of the city's workforce to early 1990s levels, raising parking fines and a mix
of budget cuts and one-time revenues.
[Local Reaction: Park Fines to Increase]
However, the heavy reliance on one-time revenues that have not yet arrived in city coffers combined with rising wage and benefit costs for city workers left city leaders with another projected deficit of well over $200 million for the fiscal year that starts on July 1 and some unpopular options to help close the deficit. They included privatizing some city services, reducing employee benefits and tax increases.
The City Council this month approved placing a half-cent sales tax on
the March municipal election ballot. The tax is predicted to raise about $216
million per year in revenue for the city. Without the tax increase, some
council members said, the city will be forced to start shrinking the size of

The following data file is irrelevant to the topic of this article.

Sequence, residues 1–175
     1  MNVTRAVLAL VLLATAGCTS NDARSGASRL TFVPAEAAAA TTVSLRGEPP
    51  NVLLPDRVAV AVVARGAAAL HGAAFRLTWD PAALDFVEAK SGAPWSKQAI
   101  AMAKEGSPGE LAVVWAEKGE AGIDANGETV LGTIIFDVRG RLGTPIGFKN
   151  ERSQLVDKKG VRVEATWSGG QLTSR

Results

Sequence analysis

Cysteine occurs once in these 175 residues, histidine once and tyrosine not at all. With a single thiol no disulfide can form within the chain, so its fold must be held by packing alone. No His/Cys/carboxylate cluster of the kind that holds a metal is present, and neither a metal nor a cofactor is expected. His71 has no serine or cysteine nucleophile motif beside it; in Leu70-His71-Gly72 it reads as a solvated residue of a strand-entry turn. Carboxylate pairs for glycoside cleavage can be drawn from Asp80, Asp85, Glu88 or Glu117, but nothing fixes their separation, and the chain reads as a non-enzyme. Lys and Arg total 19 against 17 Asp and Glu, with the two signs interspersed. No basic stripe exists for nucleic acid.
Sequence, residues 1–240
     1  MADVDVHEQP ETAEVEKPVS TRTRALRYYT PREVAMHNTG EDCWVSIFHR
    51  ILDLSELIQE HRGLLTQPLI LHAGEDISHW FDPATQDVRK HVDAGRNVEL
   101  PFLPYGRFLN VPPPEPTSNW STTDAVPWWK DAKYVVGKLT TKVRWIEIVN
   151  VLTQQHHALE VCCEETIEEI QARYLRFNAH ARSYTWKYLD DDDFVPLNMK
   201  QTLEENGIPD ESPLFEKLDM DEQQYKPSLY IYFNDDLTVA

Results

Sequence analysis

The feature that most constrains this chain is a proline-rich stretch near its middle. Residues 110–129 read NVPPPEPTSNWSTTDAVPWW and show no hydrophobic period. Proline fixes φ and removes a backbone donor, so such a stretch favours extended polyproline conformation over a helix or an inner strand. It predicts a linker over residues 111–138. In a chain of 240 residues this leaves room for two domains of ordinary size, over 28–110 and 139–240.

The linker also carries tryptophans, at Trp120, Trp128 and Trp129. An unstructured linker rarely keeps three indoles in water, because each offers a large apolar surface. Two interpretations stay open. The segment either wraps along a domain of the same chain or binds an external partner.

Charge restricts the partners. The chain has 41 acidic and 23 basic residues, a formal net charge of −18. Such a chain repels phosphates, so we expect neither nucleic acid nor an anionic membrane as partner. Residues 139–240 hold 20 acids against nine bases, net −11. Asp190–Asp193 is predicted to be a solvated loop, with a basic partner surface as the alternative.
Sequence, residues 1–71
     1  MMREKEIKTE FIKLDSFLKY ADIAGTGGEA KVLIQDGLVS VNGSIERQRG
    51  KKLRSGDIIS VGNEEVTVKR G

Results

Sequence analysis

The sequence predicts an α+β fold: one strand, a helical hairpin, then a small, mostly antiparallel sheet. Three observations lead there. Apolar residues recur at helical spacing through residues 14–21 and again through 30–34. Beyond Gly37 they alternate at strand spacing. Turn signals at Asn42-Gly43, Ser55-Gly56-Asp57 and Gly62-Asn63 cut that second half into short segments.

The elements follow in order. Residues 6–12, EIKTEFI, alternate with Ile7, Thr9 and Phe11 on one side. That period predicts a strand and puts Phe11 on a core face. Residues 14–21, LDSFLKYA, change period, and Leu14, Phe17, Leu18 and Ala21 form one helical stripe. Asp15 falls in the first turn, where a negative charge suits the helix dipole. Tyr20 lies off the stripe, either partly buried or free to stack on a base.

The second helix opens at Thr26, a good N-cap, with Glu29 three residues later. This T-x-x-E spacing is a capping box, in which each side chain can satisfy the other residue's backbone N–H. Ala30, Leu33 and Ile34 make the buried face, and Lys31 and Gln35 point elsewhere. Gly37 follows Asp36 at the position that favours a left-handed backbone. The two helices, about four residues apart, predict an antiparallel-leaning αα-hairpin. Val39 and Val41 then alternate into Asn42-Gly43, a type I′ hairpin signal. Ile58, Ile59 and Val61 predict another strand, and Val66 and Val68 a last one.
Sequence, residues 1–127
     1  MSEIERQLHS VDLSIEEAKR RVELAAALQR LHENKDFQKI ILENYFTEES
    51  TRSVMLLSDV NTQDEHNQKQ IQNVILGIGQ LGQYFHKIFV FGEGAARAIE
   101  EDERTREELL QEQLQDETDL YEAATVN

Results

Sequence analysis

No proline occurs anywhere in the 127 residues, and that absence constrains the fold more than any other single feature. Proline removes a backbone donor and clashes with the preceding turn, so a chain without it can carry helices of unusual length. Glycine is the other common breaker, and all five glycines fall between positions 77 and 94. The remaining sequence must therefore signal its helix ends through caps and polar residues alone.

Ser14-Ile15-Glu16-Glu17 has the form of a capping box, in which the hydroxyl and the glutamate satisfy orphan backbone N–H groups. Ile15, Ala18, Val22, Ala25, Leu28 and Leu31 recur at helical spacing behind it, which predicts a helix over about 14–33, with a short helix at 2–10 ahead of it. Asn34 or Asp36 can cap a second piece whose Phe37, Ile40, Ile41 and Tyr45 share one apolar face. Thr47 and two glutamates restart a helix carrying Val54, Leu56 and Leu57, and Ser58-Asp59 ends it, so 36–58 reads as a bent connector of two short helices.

its police department, just as crime dropped for the tenth year in a row.
The lion's share of the city's ongoing financial burden is the rising
cost to taxpayers of public employee pensions, including retirement health
benefits. The cost to taxpayers is projected to top $1 billion by 2014--nearly 25 percent of the city's general fund revenue, which goes to pay for
basic city services like road repairs, public safety and libraries.
As such, Mayor Antonio Villaraigosa pushed through a plan this year to
scale back retirement benefits for city workers hired after July 1 without
gaining approval from public employee unions, which threatened to sue to block
the plan from taking effect.
Former Mayor Richard Riordan became a presence in City Hall over the
summer, warning city leaders that Villaraigosa's pension plan did not go far
enough, because it only applies to new hires at a time when the city is doing
very little hiring.
Riordan organized an effort to place a pension measure on the May general election ballot that would have imposed more severe wage and benefit reductions, including freezing employees' salaries until taxpayer-funded contributions to worker's pensions fell below certain levels.
However, in the face of a major push by city employee unions to block Riordan's petition drive, the former mayor dropped his initiative, vowing to work with city
leaders to go further to reduce pension costs.